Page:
Friday, May 6, 2011

The Malayan pangolin (Manis javanica) – a creature in trouble

Family : Manidae
Species : Manis javanica

The pangolin is a small yet magnificent creature.  Having read so many articles in the papers on illegal smuggling of this animal, I wanted to highlight the beauty of this animal and its fight for survival.

The pangolin, also known as the scaly anteater, and tenggiling in Malay, is an unusual mammal that is covered with tough, protective scales.  It lives in the forests (primary, secondary, scrub forest) and plantations (rubber and palm oil) of Southeast Asia, and it has been documented within the forests of the Taman Warisan Negeri Selangor.

This ground-dwelling, scaled animal measures close to 1m in length and weighs about 2kg.   The protective scales are made of keratin, which is the same substance that hair, fingernails, and horn are made from.  These scales cover nearly the entire body of the pangolin, except belly, snout, eyes, ears, and undersides of the limbs.

The pangolin is an insectivore, and feeds mainly on ants and termites.  It uses its short legs and huge claws to dig into anthills and termite mounds.   Well adapted for this type of feeding, the pangolin’s face and eyes are protected by thick skin and eyelids. It also has the ability to open and close its nostrils, thus completely protecting itself from ant or termite attack.  While it has no teeth, with it’s long, sticky tongue, it can eat an estimated 200,000 ants or termites per day.

The Pangolin is nocturnal and will rest by day in burrows and tree holes.  While it is mainly a ground dwelling creature, the species is also a skilled climber, aided by its prehensile (grasping) tail - the pangolin can even hang from its tail!  The strong tail also is used to support the animal when it stands up on its hind legs to tear open termite mounds.  

It may roll into a ball when it feels threatened. The species may also hit an enemy with its tail or spray it with urine.  Pangolins are also known to hide by day amongst the foliage of large epiphytes such as the Bird's Nest Fern.

The pangolin will have one or two young at a time. Infants are carried on top of the base of the mother's tail until they are independent. The pangolin can live up to 14 years in captivity.   There are 7 species of pangolins that live in grasslands and forests in parts of Africa and Southeast Asia (Genus Manis).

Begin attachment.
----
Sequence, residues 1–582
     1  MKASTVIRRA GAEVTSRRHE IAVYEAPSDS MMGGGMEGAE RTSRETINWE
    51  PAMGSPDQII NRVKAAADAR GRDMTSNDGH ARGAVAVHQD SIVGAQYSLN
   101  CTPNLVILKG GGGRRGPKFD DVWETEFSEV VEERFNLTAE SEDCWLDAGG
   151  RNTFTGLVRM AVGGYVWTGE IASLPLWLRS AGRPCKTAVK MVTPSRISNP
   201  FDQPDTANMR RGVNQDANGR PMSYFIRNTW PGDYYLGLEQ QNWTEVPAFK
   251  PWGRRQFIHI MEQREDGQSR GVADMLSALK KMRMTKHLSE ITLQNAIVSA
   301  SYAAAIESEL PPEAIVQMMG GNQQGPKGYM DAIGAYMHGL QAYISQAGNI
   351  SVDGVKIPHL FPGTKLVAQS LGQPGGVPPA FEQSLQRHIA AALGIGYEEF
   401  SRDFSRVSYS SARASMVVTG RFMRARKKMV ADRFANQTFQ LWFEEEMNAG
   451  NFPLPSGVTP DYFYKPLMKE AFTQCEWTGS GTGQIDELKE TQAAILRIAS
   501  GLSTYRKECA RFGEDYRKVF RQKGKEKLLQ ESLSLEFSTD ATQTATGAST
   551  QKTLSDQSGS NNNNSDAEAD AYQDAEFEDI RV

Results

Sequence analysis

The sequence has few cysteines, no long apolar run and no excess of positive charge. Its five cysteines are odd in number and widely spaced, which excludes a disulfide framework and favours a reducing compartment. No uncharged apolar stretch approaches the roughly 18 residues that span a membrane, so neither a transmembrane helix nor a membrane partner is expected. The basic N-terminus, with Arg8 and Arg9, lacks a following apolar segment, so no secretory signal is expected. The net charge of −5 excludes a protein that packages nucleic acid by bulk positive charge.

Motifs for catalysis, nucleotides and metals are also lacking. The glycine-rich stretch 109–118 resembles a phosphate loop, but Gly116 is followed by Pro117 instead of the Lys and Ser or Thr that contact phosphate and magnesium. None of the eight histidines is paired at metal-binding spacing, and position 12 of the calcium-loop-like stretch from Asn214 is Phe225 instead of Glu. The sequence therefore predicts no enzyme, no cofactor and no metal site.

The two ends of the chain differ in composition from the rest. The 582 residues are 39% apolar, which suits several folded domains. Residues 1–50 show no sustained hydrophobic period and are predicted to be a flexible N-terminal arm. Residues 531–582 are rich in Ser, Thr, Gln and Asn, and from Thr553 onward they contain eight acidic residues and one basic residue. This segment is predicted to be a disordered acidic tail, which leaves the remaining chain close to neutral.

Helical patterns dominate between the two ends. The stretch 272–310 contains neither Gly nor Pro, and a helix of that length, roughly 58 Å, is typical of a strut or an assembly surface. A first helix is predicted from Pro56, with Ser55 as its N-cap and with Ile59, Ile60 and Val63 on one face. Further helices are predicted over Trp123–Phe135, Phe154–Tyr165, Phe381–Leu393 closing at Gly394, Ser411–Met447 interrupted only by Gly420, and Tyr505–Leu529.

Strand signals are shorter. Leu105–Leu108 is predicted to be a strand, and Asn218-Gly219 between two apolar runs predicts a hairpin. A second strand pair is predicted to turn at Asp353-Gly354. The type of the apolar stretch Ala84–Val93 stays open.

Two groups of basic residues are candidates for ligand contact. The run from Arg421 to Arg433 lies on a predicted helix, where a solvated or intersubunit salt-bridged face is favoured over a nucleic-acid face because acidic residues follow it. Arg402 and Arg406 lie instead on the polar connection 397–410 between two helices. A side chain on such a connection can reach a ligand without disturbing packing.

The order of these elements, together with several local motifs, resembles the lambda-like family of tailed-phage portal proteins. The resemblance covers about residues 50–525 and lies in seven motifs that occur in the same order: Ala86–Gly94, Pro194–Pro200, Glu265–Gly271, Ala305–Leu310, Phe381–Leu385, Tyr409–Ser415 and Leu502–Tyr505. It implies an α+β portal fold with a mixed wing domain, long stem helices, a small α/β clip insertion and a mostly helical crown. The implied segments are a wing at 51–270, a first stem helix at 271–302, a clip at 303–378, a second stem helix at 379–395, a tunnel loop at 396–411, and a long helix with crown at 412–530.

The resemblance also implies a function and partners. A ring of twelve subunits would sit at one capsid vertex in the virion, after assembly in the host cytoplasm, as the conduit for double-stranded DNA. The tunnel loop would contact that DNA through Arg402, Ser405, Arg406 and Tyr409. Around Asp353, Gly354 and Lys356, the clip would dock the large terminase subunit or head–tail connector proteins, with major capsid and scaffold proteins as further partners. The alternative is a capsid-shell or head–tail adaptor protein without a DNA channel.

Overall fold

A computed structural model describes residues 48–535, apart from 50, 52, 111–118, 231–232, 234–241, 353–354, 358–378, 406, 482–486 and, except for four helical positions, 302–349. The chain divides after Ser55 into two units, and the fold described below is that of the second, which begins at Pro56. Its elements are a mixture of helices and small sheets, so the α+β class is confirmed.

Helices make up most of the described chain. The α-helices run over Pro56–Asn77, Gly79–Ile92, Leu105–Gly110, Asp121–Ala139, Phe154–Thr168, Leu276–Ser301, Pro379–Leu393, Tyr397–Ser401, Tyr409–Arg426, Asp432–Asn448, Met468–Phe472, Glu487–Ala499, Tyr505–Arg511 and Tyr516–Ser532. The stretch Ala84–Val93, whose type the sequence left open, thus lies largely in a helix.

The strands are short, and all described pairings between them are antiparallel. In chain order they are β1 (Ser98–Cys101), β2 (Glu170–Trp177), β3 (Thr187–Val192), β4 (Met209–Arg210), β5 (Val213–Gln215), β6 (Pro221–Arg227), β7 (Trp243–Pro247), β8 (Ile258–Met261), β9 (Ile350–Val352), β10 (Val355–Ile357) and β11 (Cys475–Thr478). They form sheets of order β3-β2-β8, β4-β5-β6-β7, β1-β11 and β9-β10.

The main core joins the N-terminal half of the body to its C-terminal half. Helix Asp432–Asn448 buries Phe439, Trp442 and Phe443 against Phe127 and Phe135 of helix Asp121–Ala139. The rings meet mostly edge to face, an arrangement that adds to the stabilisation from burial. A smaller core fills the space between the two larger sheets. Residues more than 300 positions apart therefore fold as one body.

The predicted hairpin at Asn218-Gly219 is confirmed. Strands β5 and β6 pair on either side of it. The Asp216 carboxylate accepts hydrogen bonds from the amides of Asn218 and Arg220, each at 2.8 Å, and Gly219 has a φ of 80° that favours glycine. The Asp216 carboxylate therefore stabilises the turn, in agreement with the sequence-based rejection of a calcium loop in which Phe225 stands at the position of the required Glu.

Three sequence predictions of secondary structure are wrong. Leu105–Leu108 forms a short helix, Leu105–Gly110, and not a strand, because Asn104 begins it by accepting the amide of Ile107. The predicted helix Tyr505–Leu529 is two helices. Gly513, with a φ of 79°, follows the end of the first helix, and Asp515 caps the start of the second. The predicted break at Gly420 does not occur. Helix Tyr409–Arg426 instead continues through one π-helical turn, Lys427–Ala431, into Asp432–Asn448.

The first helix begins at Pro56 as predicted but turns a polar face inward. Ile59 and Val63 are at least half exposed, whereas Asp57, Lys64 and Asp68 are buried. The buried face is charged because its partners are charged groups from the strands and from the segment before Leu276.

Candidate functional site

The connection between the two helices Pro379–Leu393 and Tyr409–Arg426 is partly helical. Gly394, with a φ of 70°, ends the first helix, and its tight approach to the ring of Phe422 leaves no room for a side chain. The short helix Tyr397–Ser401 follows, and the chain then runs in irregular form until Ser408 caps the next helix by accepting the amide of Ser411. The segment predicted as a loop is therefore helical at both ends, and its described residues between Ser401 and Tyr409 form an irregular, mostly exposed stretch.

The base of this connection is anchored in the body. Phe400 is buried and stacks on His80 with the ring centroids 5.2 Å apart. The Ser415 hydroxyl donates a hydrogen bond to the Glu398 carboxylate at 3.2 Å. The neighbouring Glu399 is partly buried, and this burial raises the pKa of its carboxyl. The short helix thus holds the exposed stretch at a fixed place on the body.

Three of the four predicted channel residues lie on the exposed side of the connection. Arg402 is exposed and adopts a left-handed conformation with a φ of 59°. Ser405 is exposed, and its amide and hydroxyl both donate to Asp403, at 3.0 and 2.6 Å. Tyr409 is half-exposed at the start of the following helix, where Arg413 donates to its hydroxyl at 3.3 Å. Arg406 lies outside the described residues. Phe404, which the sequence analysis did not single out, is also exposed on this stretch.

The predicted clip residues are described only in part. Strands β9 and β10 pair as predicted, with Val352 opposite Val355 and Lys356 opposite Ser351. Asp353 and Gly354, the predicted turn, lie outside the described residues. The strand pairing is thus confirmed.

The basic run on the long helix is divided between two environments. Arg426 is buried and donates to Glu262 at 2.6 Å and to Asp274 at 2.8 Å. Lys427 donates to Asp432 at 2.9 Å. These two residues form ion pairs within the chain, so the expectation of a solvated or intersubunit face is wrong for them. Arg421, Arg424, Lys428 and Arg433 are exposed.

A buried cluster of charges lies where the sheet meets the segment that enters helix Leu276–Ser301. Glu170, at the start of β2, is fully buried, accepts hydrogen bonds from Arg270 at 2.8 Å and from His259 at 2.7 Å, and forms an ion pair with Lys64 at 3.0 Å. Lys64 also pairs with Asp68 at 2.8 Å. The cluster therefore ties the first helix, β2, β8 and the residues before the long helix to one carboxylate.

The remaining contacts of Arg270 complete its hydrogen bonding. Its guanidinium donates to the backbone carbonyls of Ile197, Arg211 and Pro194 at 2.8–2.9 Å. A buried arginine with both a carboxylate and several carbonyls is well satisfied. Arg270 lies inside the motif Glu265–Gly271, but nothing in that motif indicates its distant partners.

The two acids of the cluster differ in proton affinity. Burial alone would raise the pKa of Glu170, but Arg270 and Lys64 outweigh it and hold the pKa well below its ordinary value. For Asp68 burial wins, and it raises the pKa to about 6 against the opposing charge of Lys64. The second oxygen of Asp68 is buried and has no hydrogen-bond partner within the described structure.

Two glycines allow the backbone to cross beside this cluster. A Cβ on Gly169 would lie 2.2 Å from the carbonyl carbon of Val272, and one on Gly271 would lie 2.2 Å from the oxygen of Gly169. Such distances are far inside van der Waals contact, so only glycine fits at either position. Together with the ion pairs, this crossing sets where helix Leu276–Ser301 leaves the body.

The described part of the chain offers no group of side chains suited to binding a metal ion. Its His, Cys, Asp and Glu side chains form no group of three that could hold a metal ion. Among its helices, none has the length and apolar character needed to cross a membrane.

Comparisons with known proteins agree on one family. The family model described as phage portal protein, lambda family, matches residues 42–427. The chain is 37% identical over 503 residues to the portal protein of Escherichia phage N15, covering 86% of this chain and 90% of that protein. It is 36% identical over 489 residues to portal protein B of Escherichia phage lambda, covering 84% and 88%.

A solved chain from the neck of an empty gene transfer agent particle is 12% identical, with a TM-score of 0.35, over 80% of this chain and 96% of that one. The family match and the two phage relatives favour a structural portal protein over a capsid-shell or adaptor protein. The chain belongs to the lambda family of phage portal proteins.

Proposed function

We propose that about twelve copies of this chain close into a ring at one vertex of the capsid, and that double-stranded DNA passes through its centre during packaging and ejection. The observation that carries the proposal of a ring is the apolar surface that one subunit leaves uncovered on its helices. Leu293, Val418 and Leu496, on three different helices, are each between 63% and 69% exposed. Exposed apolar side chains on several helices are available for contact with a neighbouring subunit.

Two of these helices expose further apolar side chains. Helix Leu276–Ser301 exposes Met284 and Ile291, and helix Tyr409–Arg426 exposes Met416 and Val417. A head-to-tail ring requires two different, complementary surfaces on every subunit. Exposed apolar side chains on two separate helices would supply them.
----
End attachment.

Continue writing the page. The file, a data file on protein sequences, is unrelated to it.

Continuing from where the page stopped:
Pangolins are fully protected species in Malaysia, yet they are under serious threat from poachers.  How many times have we seen articles in the newspapers about crates and crates of these animals being confiscated?  It is frightening when you think about the number of these animals being smuggled.

Pangolins are thought to be a powerful antiseptic; medicines made from their scales supposedly cure fevers, skin disorders and venereal diseases.  Their meat it thought to be an aphrodisiac.  It is reported that buyers from China pay as much as RM1,500 per animal

In this modern day, don’t we have enough antiseptics, fever medicines and Viagra, that traders and customers can purchase other products to cure their ailments?  With regular confiscations of up to 500 pangolins in one load, how many can be left in the wild? 

These creatures cannot speak for themselves.  They cannot ask for help, for better protection from the government.  We have to do that for them.

Please, make it a strong point NOT to buy any medicines made from wild animals.  Please don’t eat these animals.  If you seen any one selling wild animals or parts of wild animals, please call the Department of Wildlife and National Park (DWNP) immediately at 03-9086 6800.  Please write letters to the government and articles to the newspapers to express your concern over the illegal trade in wildlife.  Every little bit you do makes a big difference!

Information extracted from the following sites, please visit them for more excellent information:

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